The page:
Photography and Ethnography
"Ethnography (from Greek ἔθνος ethnos "folk, people, nation" and γράφω grapho "I write") is the systematic study of people and cultures. It is designed to explore cultural phenomena where the researcher observes society from the point of view of the subject of the study. An ethnography is a means to represent graphically and in writing the culture of a group. Data collection methods are meant to capture the "social meanings and ordinary activities"  of people (informants) in "naturally occurring settings"  that are commonly referred to as "the field." The goal is to collect data in such a way that the researcher imposes a minimal amount of personal bias on the data. Multiple methods of data collection may be employed to facilitate a relationship that allows for a more personal and in-depth portrait of the informants and their community. These can include participant observation, field notes, interviews, and surveys." Wikipedia
There are many ways in one can apply a photographic principle in order to create a story. Ethnography is a simple way of doing this.
Through photography and plenty of time, careful attention to the lives of the subjects a photographer can basically record the lives of its subjects.
It is a study of a culture, of a people with the aid of photographs and the written word.
Attention has to be place on almost any activity that occurs within the society or culture being studied.
A photographer undertaking this technique also has to have a flair for writing since ethnography also counts on a detailed and concise story telling of the subject matter.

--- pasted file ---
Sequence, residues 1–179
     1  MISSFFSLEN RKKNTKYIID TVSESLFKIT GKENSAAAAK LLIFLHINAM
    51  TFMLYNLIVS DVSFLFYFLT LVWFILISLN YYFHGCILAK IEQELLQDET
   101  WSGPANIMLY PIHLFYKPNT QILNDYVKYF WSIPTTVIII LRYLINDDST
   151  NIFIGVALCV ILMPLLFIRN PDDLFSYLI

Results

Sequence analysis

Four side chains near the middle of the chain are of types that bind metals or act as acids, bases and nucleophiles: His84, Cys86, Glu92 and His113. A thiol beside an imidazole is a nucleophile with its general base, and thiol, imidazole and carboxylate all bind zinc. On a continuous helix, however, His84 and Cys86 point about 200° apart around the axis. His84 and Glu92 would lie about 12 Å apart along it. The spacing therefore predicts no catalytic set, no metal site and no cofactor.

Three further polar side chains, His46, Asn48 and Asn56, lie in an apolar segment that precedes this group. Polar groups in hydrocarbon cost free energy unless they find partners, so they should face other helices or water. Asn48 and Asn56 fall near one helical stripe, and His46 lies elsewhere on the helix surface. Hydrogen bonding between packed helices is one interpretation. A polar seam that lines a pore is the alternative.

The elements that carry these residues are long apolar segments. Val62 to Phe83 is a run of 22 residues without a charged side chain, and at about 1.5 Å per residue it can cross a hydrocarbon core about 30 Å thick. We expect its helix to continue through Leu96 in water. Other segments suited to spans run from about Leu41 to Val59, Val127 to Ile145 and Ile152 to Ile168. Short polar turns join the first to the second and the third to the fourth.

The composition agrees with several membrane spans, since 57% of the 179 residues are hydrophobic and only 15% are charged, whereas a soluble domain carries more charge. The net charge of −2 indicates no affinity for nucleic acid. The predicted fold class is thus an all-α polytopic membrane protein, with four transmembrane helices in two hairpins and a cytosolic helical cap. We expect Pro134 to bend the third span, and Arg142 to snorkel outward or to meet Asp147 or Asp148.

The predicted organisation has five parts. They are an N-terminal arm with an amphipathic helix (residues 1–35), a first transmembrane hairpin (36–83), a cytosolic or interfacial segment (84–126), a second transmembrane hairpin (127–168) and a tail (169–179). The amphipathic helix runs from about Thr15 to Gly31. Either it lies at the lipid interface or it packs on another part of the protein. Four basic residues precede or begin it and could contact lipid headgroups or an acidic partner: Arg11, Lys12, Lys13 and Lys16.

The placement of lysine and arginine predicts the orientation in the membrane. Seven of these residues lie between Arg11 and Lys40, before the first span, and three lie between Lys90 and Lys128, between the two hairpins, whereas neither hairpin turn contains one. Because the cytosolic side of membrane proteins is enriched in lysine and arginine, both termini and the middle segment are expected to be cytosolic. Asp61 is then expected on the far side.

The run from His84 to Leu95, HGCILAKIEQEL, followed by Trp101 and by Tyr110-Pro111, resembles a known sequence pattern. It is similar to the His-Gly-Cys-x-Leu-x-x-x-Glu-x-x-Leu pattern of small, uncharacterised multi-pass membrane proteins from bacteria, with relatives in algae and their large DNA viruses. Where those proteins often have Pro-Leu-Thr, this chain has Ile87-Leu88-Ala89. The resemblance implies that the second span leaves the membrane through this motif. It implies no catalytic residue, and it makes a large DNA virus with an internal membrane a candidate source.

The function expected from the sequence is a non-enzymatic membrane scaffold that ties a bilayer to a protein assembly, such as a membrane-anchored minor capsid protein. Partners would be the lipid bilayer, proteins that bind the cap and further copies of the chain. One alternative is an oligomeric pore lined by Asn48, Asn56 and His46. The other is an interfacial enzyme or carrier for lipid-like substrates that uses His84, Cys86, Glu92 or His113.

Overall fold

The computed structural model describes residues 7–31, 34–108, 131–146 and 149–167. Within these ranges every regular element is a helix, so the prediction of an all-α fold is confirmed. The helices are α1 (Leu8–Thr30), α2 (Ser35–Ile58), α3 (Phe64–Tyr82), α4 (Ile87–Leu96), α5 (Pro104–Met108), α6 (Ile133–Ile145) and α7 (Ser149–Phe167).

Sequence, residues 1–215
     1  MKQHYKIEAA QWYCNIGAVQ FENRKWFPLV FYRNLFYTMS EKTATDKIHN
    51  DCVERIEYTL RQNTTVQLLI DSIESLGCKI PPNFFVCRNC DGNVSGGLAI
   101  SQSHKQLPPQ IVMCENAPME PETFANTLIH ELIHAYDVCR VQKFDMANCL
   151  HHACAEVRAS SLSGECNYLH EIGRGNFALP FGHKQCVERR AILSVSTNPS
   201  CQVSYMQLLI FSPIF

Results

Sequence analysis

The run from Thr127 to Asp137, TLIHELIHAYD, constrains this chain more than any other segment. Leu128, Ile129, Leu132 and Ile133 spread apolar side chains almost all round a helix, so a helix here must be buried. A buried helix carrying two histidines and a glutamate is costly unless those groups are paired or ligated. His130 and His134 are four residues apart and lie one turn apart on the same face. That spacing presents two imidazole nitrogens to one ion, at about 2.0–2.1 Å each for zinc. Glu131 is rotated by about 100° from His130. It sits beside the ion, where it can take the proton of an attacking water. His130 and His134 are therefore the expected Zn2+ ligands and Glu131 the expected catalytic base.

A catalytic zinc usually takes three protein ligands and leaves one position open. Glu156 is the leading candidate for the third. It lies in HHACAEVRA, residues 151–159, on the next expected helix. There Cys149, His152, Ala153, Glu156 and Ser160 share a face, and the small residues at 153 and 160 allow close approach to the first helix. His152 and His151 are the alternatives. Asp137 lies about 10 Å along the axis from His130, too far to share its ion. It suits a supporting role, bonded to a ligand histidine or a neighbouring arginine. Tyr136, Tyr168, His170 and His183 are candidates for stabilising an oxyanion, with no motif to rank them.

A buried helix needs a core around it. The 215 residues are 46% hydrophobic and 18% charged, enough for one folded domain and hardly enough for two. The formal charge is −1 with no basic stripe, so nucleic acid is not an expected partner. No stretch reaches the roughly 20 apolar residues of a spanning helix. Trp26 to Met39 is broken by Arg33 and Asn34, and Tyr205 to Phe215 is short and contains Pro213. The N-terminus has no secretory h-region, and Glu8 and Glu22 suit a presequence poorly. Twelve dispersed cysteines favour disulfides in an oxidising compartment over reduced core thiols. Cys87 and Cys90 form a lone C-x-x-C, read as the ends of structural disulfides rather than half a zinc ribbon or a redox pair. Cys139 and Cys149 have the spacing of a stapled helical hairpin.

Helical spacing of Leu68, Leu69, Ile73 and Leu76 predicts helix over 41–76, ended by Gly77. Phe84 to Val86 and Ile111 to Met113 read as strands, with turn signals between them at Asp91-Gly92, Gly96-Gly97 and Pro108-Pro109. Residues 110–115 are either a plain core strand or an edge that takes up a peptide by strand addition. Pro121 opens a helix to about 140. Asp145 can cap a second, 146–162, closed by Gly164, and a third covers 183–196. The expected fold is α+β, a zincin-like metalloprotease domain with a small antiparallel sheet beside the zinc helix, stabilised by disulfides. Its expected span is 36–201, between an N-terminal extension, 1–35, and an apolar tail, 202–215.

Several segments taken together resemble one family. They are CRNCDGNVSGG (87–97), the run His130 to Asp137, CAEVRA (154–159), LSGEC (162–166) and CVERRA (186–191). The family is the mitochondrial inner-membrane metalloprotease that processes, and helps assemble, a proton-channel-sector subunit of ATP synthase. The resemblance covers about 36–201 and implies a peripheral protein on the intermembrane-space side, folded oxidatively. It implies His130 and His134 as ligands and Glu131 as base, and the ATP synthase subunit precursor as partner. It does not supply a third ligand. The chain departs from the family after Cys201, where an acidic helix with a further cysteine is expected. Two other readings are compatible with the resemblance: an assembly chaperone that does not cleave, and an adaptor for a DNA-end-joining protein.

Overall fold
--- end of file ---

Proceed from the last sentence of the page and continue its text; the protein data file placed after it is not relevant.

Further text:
The words should accompany the images so as to paint a detailed study of what the images represent.
In other words one should be a good photographer able to capture the essence of the culture along with being able to write a detailed and clear message thus also performing as a writer.
For the project to be a successful one the photographer has to capture images that portray the subjects in their natural state, doing ordinary things and basically going about their daily lives .
Although many shots can be posed the project works best if the subjects appear as to not even noticing the photographer's presence.
Too many posed shots and it looks like an ordinary shoot of posed models.
Capturing regular and ordinary ordinary images denotes a much better portrayal of the lives of the subjects and presents a stronger story.
However by no means should the photographer just record pictures. Like in any other photographic shoot, the images should be pleasing enough to attract the attention of the viewer and should depict scenes that have some meaning behind them and relay some interesting message.
Your subjects do not have to made up completely of people. Other things so long as they can tell something about a culture, a way of life are fair game.
Utensils, living quarters, clothing, food, and other materials can play a good role in the story as much as pictures depicting people.
Your story should have a good balanced mixture of both living and non living subject matter.
Capture images about the location, the terrain, the weather, personal customs, public customs and anything else that will help the story progress from point A to point B and be understandable to the regular, non professional photographer viewer.
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When embarking on the project keep in mind that you are telling a story about a group of people i.e a culture.
Your creativity will come onto play as well as your ability to capture powerful images taken from every day life that engage and stimulates a viewer's imagination and senses.
As such your images should awaken curiosity and to allow the viewer to explore his own interpretations of what is being presented to them while also interpreting and digesting what they read about the images.
You pictures have to be powerful images and what constitutes a powerful image is always open to interpretation.
However most people will agree that a good powerful picture is such because of its ability to convey a message, arouse an emotion or invoke a feeling.
That should be your guiding principle when involving yourself in concepts like this one.
- Photo Storytelling
Sometimes it takes more than one great shot to capture a moment. Learn how taking multiple shots can really tell the story.
© 2014 Luis E Gonzalez
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